News Briefs
January 25, 2017

Killington requests new trial

By Stephen Seitz

KILLINGTON—Nadine Price’s ordeal may not be over yet. Though Price won a $750,000 personal injury verdict against Killington Resort as a result of her being trapped aboard a Killington gondola for several hours, Killington has asked Superior Court Judge Helen M. Toor for a new trial. In his request, Killington attorney Allan Keyes wrote, a new trial is warranted “on the grounds the jury disregarded the reasonable and substantial evidence and found against Defendant for a surprisingly high amount through passion, prejudice, or improper influence. Further, there was sufficient evidence of contributory negligence to reduce or bar the judgment against Defendant.” When asked to comment further, Killington attorney Andrew Maass said, “It’s my practice not to comment while it’s pending.” Price’s attorney, Christopher Larson, said he filed a response to the Killington request. “I’m confident in the strength of our argument,” he said. Killington claims that the verdict was excessive, that the evidence didn’t support it, and that Price herself was negligent.
The incident in question occurred on Oct. 1, 2011, when Price, an active outdoor athlete, had just finished hiking the mountain. At around 3 p.m., she decided to take a gondola back down. She did not know that, due to inclement weather, the gondola was going to be shut down. Price was trapped high above the ground, cold, unable to summon help, and wasn’t located until several hours later. Since then, according to testimony, her personality has changed considerably, and she suffers from post-traumatic stress disorder.  Larson said Killington’s request for a new trial was not justified. “The Defendant asks the Court to set aside the verdict and grant a new trial on two grounds: (1) because the amount of the verdict was ‘surprisingly high,’ and (2) because the jury was not instructed on comparative negligence,” Larson wrote. “Neither argument is availing, and the motion should therefore be denied.” Keyes wrote that the jury may have felt too strongly after learning that, as a result of incident, Killington revoked Price’s season pass. “The surprisingly high verdict may have been due to jurors’ overreaction to the fact Killington revoked plaintiff’s ski pass,” Keyes wrote.  “This post-incident otherwise extraneous information became a part of the case only because of the claims of interference with contract and defamation on which plaintiff did not prevail. Another ski area might have offered a free pass – perhaps a lifetime pass – for plaintiff’s trouble. Plaintiff’s counsel argued that revoking the pass was intentional, without justification, and an additional ‘insult,’” Keyes continued. Larson said there was nothing to support this argument.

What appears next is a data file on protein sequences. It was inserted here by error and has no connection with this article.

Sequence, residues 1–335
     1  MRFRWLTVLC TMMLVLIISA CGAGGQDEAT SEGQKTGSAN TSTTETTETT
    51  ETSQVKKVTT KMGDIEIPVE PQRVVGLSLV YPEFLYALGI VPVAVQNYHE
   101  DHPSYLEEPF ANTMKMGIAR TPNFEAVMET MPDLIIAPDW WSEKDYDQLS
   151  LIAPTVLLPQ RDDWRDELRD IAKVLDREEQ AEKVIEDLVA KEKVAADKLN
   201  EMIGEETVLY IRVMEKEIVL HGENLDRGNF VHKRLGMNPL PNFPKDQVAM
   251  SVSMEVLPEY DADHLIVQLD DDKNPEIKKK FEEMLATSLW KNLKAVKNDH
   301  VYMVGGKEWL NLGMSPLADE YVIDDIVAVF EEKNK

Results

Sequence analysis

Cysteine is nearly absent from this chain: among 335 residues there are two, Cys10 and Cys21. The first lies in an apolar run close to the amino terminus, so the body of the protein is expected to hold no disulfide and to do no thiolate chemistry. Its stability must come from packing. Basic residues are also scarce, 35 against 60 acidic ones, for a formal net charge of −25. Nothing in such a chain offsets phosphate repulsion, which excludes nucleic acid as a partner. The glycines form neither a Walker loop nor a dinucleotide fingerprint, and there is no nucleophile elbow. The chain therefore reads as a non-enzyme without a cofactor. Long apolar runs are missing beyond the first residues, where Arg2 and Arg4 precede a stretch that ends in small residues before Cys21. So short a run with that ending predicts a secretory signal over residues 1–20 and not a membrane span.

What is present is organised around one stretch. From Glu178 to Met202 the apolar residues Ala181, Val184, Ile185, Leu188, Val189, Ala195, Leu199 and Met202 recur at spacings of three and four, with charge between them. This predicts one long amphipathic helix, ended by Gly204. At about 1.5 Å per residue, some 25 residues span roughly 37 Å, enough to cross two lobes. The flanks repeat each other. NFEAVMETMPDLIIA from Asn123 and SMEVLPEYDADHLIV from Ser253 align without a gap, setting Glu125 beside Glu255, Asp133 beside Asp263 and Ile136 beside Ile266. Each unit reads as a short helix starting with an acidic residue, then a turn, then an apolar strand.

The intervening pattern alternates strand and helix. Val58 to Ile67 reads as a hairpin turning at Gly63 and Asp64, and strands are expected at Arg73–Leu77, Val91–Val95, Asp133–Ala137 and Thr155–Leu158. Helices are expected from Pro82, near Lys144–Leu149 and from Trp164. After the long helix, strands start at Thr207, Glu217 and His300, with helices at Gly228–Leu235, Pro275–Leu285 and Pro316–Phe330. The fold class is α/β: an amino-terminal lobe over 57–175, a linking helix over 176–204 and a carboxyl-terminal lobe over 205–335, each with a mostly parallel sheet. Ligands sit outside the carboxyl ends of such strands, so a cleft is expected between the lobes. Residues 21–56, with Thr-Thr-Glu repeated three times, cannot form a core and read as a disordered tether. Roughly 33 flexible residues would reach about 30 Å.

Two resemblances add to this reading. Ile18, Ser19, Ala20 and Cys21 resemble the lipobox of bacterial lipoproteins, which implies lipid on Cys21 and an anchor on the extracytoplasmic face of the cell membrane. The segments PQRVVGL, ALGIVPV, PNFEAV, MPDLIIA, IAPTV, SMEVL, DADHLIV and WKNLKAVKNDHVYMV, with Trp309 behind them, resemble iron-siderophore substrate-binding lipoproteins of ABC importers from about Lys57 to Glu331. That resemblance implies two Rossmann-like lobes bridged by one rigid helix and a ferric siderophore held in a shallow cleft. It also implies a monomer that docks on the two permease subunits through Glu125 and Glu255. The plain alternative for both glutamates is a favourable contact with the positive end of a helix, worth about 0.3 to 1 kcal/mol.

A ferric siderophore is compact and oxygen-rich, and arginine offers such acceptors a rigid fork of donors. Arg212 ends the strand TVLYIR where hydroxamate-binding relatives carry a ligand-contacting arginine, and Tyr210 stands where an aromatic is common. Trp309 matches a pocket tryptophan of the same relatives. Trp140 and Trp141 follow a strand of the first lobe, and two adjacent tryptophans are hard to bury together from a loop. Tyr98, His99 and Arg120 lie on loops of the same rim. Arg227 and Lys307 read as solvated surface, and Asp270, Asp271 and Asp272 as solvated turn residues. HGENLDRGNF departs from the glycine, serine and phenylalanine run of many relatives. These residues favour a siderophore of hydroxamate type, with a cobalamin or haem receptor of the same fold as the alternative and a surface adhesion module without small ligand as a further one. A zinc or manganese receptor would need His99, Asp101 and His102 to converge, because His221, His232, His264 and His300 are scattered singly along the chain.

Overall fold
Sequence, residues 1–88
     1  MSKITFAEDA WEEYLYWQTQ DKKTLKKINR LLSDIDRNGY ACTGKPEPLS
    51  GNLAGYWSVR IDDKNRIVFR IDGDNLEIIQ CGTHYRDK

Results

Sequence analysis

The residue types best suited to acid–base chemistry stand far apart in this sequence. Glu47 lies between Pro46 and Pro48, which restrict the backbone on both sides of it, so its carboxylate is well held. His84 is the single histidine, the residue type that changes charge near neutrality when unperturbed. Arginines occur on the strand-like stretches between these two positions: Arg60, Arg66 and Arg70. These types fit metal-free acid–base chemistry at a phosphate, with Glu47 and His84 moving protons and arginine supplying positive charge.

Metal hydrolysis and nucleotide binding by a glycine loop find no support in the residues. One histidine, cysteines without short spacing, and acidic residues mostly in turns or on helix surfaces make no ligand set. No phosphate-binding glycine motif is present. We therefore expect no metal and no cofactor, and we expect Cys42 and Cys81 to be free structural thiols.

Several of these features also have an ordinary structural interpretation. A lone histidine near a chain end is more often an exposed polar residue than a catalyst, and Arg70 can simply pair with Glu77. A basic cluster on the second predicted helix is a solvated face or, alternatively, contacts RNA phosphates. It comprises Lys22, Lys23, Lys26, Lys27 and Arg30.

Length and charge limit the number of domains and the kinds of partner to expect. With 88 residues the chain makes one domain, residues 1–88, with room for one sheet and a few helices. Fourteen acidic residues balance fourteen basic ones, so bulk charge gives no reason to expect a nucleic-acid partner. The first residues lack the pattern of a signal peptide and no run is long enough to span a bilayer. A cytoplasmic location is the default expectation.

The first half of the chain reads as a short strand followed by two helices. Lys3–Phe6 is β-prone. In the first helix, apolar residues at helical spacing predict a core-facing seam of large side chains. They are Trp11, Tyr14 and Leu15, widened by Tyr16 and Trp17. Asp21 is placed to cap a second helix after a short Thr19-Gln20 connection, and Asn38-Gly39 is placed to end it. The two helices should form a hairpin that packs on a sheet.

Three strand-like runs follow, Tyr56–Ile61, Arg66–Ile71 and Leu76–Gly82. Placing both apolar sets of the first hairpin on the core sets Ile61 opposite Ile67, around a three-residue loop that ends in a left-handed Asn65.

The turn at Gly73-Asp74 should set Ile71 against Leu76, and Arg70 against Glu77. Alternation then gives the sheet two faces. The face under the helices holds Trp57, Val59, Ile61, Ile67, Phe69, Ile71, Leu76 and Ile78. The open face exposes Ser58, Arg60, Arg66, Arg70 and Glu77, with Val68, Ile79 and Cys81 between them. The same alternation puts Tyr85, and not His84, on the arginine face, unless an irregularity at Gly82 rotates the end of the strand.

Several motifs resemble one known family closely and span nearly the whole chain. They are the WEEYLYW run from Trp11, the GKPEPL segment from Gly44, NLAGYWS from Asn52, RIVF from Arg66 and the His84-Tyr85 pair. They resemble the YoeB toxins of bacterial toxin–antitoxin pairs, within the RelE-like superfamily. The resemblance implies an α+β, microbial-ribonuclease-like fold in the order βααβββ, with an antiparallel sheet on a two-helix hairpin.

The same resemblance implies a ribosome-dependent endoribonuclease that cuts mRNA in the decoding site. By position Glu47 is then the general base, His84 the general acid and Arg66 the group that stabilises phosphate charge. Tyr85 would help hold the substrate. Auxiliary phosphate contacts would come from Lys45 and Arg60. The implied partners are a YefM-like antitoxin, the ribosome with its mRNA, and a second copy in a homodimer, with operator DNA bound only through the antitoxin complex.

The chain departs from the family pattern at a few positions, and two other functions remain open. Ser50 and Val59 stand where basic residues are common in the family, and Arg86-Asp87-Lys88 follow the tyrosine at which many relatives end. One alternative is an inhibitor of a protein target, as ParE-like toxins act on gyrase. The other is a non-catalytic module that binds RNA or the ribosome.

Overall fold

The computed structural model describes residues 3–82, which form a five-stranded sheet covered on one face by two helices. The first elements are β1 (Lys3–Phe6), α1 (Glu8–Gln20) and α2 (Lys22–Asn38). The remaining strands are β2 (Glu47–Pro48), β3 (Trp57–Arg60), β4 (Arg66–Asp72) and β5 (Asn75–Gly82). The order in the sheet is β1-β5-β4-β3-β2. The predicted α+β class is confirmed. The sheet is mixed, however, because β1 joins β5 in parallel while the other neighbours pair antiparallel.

“The court gave the jury detailed instructions on what grounds they could award damages under pain and suffering,” Larson wrote. “Absent additional evidence of prejudice or retaliatory motive, Defendant’s speculation should not overcome the well-established presumption that the jury adhered to the Court’s instructions and only awarded damages based on the criteria as instructed.” As of publication, no decision has been made whether to grant a new trial.

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